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40th Anniversary Deluxe Reissue Set
This is proving to be quite a year for Queen. It marks their 40th anniversary, and in true Queen fashion, the band is pulling out all the stops to mark the occasion. So far, they’ve already premiered a gallery exhibition chronicling their early years, and they’ve put out a second Greatest Hits compilation (their first was the highest-selling album ever on the UK charts), in addition to a handful of special commemorative items for die-hard fans. However, this all pales in comparison to the main attraction of the band’s 40th birthday—a complete reissue of their entire catalog, digitally remastered with a plethora of rarities, some of which have never seen the light of day. This first box set out of the three reissue box sets due for release this year contains Queen’s first five albums: 1973’s Queen, 1974’s Queen II, 1974’s Sheer Heart Attack, 1975’s A Night at the Opera, and 1976’s A Day at the Races.
First and foremost, let’s just get this out in the open: These remasters sound incredible. Queen chose the legendary producer Bob Ludwig to revamp and clean up the original recordings, and his mastery of the mixing board shines brighter than ever here. From the soaring breakdown solo of “Brighton Rock” to the persevering lull of A Night at the Opera’s classic “’39,” every track verily gleams with a distinctly audible difference in punch, brilliance, and clarity.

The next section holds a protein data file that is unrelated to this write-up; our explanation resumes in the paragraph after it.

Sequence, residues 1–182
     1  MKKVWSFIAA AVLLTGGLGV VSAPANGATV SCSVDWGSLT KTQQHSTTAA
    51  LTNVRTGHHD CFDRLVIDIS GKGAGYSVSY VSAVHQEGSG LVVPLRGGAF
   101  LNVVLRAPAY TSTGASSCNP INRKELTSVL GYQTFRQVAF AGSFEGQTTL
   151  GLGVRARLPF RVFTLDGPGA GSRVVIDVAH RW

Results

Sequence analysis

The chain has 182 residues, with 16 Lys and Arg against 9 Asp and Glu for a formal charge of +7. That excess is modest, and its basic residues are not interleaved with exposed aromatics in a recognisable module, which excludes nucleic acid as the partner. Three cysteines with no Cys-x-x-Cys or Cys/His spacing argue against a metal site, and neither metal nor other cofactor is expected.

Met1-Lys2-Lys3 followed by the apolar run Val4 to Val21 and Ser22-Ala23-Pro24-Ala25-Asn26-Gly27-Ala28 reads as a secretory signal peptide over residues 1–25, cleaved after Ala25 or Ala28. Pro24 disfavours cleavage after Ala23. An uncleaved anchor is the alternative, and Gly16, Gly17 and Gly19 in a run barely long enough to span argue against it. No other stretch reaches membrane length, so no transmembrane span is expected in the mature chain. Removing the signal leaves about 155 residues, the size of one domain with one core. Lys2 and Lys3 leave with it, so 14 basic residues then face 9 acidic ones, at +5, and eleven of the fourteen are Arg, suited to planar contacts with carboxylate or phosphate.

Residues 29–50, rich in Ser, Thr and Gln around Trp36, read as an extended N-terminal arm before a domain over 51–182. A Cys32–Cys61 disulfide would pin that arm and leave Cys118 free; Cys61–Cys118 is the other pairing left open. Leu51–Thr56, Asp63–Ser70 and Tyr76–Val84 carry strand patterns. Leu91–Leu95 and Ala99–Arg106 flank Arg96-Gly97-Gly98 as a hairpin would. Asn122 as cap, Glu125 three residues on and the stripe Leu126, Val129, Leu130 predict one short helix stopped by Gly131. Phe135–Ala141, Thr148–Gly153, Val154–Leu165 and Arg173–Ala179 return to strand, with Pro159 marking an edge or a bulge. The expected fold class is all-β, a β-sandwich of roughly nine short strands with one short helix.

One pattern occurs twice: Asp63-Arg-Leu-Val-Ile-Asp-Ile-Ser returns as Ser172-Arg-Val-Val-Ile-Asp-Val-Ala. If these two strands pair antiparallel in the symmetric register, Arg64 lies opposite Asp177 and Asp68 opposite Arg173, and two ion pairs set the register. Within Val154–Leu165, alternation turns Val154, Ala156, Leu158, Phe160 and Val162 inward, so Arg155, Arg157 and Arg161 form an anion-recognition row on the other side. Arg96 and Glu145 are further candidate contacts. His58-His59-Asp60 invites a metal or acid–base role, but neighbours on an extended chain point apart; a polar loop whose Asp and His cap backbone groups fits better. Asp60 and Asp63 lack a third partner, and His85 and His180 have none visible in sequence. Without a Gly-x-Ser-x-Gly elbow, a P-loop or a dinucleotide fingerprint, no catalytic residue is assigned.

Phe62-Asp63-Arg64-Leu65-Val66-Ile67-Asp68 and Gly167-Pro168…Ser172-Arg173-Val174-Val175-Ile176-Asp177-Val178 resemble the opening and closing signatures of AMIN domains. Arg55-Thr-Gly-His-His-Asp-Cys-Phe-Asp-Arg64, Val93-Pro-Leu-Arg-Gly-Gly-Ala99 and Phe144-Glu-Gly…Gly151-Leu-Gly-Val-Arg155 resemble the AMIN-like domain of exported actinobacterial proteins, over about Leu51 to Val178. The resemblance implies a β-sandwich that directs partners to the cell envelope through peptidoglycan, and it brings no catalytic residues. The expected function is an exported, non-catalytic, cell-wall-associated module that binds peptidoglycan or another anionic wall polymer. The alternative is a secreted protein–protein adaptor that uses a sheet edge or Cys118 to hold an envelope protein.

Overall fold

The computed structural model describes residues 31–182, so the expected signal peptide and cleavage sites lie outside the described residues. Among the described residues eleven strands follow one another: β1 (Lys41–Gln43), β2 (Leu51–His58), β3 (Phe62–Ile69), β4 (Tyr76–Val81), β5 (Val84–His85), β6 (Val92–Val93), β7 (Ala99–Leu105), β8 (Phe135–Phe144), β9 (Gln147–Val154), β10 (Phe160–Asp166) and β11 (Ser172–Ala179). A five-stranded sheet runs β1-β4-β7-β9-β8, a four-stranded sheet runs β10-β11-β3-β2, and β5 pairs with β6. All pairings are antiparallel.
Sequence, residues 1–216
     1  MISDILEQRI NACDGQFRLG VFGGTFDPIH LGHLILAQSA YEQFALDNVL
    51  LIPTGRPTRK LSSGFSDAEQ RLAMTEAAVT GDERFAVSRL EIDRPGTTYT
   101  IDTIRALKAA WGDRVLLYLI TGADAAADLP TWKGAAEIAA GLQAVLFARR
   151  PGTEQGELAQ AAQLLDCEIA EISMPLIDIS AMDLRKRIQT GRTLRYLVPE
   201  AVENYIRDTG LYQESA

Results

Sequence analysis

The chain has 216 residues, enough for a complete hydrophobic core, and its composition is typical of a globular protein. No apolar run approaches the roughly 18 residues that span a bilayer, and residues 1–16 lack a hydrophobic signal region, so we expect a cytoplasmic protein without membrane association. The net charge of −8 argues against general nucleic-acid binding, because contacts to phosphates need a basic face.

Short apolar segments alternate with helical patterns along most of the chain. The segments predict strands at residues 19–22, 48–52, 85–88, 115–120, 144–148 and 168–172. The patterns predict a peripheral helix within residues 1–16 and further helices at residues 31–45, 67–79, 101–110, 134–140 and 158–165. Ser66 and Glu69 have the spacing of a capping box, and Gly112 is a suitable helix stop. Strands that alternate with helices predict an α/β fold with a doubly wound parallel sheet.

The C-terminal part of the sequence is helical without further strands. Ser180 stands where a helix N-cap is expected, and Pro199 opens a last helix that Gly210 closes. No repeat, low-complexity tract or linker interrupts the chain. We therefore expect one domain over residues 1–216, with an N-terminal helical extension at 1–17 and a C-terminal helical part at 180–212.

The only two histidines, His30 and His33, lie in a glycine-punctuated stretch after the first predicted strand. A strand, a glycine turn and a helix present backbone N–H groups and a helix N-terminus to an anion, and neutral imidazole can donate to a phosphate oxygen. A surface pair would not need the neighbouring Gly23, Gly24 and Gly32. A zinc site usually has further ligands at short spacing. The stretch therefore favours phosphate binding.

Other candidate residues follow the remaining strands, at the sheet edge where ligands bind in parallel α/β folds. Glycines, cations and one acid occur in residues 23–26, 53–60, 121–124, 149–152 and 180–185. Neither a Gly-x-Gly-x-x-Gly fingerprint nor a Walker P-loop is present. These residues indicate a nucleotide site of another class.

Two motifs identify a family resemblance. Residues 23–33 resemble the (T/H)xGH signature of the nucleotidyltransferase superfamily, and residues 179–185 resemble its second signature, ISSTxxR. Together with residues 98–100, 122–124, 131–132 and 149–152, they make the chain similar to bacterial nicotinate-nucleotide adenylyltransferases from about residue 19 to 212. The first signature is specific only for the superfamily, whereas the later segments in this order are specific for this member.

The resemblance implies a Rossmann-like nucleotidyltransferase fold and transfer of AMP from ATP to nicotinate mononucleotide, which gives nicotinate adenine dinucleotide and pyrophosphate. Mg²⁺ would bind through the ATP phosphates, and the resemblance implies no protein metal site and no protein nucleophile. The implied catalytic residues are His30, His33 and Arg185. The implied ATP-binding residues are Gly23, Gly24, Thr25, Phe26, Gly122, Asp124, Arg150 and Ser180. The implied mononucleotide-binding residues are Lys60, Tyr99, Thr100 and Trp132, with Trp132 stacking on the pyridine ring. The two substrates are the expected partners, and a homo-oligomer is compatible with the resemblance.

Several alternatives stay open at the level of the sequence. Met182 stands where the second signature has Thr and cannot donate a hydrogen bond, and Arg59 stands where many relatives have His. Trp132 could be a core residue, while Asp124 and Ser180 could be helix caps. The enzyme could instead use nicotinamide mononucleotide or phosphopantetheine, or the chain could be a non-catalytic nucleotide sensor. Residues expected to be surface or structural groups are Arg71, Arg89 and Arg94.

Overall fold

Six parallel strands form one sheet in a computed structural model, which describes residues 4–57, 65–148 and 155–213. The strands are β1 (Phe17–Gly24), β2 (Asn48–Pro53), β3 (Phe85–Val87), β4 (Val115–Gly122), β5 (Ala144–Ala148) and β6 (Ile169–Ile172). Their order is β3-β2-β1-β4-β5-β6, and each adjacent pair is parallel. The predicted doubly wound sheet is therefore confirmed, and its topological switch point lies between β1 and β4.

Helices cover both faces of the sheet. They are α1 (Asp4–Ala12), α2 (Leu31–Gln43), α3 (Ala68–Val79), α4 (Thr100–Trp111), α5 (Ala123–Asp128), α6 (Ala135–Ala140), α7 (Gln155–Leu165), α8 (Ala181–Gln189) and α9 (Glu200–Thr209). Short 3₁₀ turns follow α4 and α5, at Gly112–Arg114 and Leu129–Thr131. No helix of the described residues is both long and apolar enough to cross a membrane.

Brian May’s standout guitar wizardry stings and soars with more gusto than ever before, but the real improvements lie in the mixing of the band’s ferocious and highly underrated rhythm section. Both John Deacon’s bass and Roger Taylor’s drums have more separation and room to breathe, which makes it easier to hear just how well they fed off of each other. Even Freddie Mercury’s vocals seem to hit new heights, flying in the face of everything logical that says perfection can’t be improved upon. His voice has no sonic constraints, moving within and around each tune with remarkable fluidity. The detail is so sharp you can hear subtle movements of his tongue that just weren’t audible before.
Each of the five albums comes with a bonus CD of five or six songs. Some are from live sessions, but the real gems are five demos from the 1971 De Lane Lea Studios sessions prior to the band’s debut album. May already has his trademark nasal tone, and the fidelity is so good you can hear his six-pence coin scraping against the strings in the opening gallop of “Keep Yourself Alive.” The songs don’t have the polish that the later studio versions had, but the band is still incredibly tight—you don’t feel like you’re downgrading to a dusty old bootleg, that’s for sure.
The band’s remaining catalog has been remastered in the same fashion, and it’s due to be released in two five-CD waves later this year. It’s pretty much everything a hardcore Queen fan could ask for, and then some.